How to handle an underperforming employee

Rich Sun

Sr Technical Director, Game Studio at Netflix



"A few years ago, I was leading a team of engineers and one of them was not performing as well as I'd hoped. His tasks would be marked as completed, yet were often buggy or missing important functionality."

Actions taken

"It became a pattern, so we ended up setting up a formal Performance Improvement Plan (PIP). It's hard to know how people will react to this type of measure and in this case, he was initially surprised and unhappy. However, the next day he had processed everything, and he acknowledged his failures, recognized that the feedback was purely about objective observed results rather than a personal judgment, and was ready to take on the challenge of the PIP." "In the following months, he took my feedback into account, enacted various changes to address the observed issues, and he made a huge turnaround to become one of the team's top performers, making this story an example of the absolute best possible outcome of this situation."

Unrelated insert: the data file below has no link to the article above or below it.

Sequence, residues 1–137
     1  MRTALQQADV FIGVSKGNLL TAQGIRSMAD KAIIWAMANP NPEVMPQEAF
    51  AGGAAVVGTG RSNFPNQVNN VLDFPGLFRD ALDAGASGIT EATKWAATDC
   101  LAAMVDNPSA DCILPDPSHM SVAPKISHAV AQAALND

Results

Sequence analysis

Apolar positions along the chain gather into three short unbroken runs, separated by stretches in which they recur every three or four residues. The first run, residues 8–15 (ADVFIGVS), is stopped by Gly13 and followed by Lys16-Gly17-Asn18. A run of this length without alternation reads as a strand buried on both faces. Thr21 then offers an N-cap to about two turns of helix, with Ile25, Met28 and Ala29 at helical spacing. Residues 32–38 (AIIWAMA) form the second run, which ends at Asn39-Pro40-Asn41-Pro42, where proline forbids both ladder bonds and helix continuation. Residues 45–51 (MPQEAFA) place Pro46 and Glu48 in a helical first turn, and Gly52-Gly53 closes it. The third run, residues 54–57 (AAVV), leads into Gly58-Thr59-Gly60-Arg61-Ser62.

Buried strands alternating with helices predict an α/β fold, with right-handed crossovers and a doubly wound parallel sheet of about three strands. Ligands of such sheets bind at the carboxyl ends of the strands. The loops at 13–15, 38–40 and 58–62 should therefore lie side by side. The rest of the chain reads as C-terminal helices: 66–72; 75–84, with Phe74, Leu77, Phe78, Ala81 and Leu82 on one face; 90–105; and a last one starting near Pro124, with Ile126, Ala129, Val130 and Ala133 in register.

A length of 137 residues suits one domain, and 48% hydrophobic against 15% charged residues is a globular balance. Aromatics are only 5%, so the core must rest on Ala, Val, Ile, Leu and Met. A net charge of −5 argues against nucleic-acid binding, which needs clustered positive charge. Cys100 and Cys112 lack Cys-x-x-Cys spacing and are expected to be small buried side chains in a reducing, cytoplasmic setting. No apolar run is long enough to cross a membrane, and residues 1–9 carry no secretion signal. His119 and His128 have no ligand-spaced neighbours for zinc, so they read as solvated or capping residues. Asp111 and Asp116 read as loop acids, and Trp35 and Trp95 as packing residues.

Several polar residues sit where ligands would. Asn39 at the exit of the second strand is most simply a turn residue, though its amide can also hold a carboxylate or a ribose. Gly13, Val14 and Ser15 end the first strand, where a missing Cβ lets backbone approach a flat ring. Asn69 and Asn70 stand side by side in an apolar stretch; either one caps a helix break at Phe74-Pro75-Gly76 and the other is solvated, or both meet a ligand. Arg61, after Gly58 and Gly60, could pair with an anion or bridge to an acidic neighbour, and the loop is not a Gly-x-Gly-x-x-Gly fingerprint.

Lessons learned

"While this story has a happy ending, I still consider this a failure on my part as a manager, because he was surprised, and he shouldn't have been. I should have been able to more effectively surface and coach improvement in our regular 1:1s before a formal, heavy-handed tool such as a PIP was needed." "A PIP will not always have as positive an outcome like the one described here, and a manager should be aware that, without very careful handling, it could have a very negative impact on the employee in question." "Your staff should know if they are performing as expected or not, and should be told what those expectations are on a regular basis. If you believe that your employee is underperforming, clarify your expectations and tell them as soon as possible that they are performing below your expectations. Always bring concrete examples and link behavior to their outcomes." "Disconnected feedback is rarely actionable, and risks incorrect interpretations. Formal HR tools like the PIP shouldn't be a surprise for an employee and should be a tool for when your regular tools such as 1:1's are failing. In order to have a chance of success, for both 1:1's and PIPs, it's critical that the manager makes an earnest and well-communicated commitment to being a partner in this person's personal development, and actually spends time doing so."

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Rich Sun

Sr Technical Director, Game Studio at Netflix

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